City Approves Red Light Camera Proposal
The controversial cameras will be installed at two intersections along Belcher Road for a six month trial.
It surprised almost everyone at City Hall.
Even the city’s director of traffic who supported the use of red light cameras but recommended against their use because of the legal and regulatory controversies surrounding them earlier in the week.
Paul Bertels, the city’s director of traffic, was not expecting the city council would approve the proposal to install red light cameras at its meeting Thursday“They obviously worked it out somehow,” Bertels said. "I’ve been doing this 41 years and I’ve never seen anything like this."
City leaders voted 3-2 to approve a measure that will add red light cameras at two intersections along Belcher Road; at Sunset Point Road and Gulf to Bay Boulevard. Vice Mayor George Cretekos and council member Paul Gibson voted against the measure.
Mayor Frank Hibbard, who was on the fence about installing the cameras, even saying “it smacks of Big Brother” during the discussion, voted for the proposal that will add the cameras on a six month trial basis. Hibbard said his worry of legislation against the cameras was assuaged after talking with a couple of state legislators earlier in the day.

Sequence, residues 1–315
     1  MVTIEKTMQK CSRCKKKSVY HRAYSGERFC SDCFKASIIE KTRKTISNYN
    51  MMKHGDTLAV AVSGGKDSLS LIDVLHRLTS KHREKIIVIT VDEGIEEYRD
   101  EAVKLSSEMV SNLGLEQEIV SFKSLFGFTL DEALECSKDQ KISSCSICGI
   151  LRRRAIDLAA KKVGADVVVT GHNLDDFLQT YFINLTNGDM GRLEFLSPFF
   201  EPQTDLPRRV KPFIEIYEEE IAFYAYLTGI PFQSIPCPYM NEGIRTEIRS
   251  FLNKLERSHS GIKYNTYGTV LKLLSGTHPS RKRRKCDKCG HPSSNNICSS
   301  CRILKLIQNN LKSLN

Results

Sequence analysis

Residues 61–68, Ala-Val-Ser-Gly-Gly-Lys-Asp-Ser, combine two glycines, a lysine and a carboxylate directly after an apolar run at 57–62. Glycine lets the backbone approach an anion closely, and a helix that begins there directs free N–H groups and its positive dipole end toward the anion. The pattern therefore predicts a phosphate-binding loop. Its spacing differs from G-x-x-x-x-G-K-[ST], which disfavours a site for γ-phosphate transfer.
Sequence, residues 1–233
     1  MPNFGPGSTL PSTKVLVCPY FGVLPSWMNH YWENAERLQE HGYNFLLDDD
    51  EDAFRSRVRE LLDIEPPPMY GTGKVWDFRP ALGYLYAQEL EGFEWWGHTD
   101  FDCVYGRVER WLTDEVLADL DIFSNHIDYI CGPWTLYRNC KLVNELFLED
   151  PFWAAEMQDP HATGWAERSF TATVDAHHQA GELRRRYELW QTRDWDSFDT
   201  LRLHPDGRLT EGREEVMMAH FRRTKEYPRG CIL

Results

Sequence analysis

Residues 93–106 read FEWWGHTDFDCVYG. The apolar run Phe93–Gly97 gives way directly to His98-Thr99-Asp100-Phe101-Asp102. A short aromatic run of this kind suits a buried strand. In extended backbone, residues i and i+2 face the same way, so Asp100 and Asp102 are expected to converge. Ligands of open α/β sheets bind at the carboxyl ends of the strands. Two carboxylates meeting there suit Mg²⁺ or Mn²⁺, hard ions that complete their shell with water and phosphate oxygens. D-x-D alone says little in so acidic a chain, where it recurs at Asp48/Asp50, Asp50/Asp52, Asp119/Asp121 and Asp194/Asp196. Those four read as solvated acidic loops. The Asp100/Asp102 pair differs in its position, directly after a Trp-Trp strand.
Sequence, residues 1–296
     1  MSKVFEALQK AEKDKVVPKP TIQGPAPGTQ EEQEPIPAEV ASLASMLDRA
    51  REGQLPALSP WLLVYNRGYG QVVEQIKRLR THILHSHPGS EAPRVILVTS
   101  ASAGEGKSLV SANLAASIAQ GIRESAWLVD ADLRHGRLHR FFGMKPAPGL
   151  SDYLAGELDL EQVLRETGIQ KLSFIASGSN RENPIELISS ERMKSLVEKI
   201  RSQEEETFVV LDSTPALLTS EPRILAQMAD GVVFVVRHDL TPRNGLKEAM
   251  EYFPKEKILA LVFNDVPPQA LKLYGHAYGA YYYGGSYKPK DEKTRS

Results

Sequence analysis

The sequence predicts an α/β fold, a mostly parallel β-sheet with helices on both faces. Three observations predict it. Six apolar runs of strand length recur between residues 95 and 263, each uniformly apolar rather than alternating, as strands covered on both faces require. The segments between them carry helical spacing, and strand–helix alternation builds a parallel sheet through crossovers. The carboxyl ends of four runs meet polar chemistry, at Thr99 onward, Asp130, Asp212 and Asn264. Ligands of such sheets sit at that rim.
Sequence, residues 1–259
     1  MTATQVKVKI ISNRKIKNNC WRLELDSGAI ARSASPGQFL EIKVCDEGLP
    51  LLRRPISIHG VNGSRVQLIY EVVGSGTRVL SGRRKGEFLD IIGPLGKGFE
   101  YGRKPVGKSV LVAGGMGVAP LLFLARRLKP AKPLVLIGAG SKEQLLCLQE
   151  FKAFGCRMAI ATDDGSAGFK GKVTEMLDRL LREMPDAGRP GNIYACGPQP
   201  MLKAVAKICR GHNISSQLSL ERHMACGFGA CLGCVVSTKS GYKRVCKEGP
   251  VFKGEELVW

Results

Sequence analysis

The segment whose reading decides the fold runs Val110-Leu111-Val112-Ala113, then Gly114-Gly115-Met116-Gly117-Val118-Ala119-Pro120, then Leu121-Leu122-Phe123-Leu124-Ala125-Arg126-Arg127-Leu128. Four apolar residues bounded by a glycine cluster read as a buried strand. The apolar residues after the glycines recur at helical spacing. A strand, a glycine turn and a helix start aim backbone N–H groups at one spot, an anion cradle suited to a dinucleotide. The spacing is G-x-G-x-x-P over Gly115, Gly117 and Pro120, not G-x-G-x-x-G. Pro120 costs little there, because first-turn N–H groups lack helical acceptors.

The cameras are expected to be up and running by the end of the year.
John Doran, who has supported the proposal from the start, pulled the item for discussion. He started talking to Bertels about the timing of yellow lights.
“I am loathe to reject the bids because I know how much work it is for a company to go through the hurdles,” Doran said.
Although he offered up the first vote to approve the cameras, Doran said he was surprised it went through.
“I am grateful that the council will be able to move forward on it,” Doran said. He said successors can determine whether to maintain the program or not.
Charlie Buckles, the representative from Redflex the chosen operator of the red light cameras, was at the meeting. He was in town from Lafayette, La. He said the company operates 300 camera systems across the country.
“We understand your concerns about this,” Buckles said. “We chose not to come into states until legislation is adopted.”
Buckles admitted, that nothing can be done about litigation though.
Council members seemed worried about a potential rising cost for the cameras as a reason to move forward with the proposal. However, Buckles said the company would do whatever it took with no financial requirement by the city.
Police Chief Anthony Holloway sees the cameras as a useful enforcement tool.
“We should see a decrease in accidents and red light running,” Holloway said.